Thursday, May 7, 2009

RuPaul's Drag Race ~ Start Your Engines!

Although the season may be over, Rupaul and the eight up-and-coming drag queens will forever stay with me. When the show first aired, I was nervous. I didn't know what people's reaction would be to a group of men dressing as women. The show not only featured the final looks, but the men's process of getting there (hair, makeup, clothing, the works!). I didn't know if the country was ready for it.

Here is a quick summary of the show. Eight contestants competed to be Drag's next big superstar. Under the guidance of the legendary Ru, the contestants competed in challenges geared around their drag persona. Some of the challenges were "Drag on a Dime" where they had to make an entire outfit out of stuff found at the dollar store and "Drag Ball" where they had to create three different outfits inspired by a specific fruit.

I first saw the show on VH1. But is also featured on Logo, an LGBT television station that is a part of MTV. (FYI, the entire season is online for you to watch free!) The contestants entered the show as their drag persona, competed in the first challenge, and went back to the changing room to wash off all the makeup. That was interesting to me, because it is not common to see queens off of the stage. In fact, at the start of the show was the first I had ever seen Rupaul without the dresses and wigs. Although they showed the men in both lights, they never mentioned the birth names. One contestant on the show said that generally, they always call each other by their drag names.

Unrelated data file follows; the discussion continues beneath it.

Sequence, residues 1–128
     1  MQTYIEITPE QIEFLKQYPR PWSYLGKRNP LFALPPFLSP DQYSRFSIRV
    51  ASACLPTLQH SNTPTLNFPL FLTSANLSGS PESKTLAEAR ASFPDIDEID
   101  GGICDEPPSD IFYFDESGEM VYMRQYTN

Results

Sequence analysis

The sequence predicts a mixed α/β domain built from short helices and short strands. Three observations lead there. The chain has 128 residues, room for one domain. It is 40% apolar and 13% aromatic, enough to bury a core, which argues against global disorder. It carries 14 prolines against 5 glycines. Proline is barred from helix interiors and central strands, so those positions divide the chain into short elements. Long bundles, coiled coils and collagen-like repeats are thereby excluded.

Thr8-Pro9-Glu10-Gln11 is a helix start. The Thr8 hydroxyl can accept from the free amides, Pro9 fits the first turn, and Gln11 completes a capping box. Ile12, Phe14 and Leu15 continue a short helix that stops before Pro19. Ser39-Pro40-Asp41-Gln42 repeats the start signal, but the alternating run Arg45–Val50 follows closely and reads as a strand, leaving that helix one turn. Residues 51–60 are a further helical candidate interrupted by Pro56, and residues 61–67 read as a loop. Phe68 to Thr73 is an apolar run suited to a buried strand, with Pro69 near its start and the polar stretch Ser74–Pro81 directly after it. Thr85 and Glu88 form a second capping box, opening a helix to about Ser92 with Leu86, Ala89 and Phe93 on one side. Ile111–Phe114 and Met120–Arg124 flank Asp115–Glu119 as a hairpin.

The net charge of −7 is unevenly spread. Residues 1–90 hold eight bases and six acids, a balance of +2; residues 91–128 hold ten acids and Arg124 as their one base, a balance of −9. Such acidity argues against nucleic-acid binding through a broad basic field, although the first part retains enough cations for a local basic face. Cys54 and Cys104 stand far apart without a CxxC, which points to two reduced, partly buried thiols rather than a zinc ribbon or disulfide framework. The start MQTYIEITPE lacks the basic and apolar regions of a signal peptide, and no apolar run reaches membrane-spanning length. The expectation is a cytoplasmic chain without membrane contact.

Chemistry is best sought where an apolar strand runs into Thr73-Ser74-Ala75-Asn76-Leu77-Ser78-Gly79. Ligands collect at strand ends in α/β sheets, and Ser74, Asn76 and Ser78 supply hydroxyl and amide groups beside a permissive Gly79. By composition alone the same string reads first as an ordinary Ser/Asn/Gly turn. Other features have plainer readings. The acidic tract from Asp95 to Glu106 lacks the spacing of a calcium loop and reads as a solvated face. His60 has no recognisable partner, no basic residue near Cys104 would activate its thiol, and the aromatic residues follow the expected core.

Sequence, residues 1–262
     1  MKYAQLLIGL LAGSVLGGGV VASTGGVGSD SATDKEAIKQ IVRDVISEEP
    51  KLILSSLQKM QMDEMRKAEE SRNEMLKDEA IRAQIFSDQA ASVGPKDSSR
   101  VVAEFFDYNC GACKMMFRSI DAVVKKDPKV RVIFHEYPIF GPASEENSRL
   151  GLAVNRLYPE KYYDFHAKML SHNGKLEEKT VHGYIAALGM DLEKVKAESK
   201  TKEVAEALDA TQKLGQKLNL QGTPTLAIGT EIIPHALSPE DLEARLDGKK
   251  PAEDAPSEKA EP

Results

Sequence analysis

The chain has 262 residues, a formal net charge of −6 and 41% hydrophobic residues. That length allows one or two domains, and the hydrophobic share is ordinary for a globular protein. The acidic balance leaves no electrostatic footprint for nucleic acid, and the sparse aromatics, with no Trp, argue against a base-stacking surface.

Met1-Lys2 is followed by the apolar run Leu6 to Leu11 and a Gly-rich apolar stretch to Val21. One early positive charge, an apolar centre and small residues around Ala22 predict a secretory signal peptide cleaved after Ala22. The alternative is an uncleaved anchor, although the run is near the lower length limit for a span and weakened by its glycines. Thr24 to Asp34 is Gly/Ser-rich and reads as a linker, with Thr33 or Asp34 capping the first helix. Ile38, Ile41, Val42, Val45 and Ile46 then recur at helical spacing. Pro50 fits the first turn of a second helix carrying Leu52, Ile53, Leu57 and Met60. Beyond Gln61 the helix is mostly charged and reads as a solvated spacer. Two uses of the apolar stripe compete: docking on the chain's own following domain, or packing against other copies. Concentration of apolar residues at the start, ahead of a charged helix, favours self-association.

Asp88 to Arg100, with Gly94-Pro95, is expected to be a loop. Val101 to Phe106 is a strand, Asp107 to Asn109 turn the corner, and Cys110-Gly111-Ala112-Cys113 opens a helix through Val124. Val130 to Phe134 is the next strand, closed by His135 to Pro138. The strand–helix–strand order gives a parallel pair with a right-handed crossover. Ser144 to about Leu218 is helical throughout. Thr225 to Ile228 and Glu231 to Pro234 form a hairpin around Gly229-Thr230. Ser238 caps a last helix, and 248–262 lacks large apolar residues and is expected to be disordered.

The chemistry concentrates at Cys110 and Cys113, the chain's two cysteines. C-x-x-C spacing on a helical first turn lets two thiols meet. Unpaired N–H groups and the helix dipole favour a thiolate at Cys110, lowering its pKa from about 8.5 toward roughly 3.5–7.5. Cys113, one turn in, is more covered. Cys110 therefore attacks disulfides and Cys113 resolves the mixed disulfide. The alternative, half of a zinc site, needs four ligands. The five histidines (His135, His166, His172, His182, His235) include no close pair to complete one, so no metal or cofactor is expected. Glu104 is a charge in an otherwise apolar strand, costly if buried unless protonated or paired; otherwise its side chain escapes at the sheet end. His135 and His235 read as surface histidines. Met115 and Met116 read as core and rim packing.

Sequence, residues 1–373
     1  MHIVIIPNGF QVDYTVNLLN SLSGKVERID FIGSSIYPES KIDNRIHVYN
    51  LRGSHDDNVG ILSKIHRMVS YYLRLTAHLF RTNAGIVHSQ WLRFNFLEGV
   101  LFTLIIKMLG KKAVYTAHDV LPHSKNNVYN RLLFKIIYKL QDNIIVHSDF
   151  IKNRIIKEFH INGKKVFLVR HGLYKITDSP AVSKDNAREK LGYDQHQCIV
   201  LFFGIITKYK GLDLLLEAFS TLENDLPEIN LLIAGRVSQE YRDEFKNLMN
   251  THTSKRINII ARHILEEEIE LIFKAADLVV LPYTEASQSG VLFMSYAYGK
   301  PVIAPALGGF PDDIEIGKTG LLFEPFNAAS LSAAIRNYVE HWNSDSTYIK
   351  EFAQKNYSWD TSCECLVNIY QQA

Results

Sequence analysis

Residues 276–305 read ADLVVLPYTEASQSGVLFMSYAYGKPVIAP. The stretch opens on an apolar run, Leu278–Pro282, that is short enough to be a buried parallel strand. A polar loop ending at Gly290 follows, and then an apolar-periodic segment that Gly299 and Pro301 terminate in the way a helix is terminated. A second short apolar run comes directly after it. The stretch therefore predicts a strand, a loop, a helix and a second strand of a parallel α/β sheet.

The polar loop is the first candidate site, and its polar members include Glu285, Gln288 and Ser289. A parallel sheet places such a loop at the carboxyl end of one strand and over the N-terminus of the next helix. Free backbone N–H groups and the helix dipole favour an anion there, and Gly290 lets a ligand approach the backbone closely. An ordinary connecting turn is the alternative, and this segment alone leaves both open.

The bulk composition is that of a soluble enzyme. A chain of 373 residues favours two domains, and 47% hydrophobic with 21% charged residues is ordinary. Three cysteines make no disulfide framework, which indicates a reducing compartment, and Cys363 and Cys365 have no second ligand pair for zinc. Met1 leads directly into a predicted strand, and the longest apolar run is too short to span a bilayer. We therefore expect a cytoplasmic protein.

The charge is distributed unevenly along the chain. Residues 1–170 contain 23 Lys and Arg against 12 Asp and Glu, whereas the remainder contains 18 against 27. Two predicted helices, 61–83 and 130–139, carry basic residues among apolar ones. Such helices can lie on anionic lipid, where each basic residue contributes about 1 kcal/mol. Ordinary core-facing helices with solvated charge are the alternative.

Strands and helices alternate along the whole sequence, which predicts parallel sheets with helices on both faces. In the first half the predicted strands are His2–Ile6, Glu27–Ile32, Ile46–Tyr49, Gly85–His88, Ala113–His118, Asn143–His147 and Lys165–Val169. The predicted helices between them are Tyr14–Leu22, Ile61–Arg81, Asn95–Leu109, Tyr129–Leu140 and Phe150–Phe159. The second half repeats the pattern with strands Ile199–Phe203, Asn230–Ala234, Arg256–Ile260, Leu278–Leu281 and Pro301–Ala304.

Another reason why this show is very valuable to the community because it bust a major myth about drag queens. BeBe Zahara Benet said it best herself, "Just because I dress in women's clothing doesn't make me any less of a man." I think this show is great at showing that drag is entertainment. It doesn't mean that these men want to be women.

The video above was the intro to the "Never Before Seen Clips" episode. I think this was a good representation of not only the show, but Ru starts the show with a look at some of the past and notable drag queens because, "don't forget, it was a drag queen that threw the first brick at the Stonewall riots that started the gay liberation movement."

Now, sashay away!

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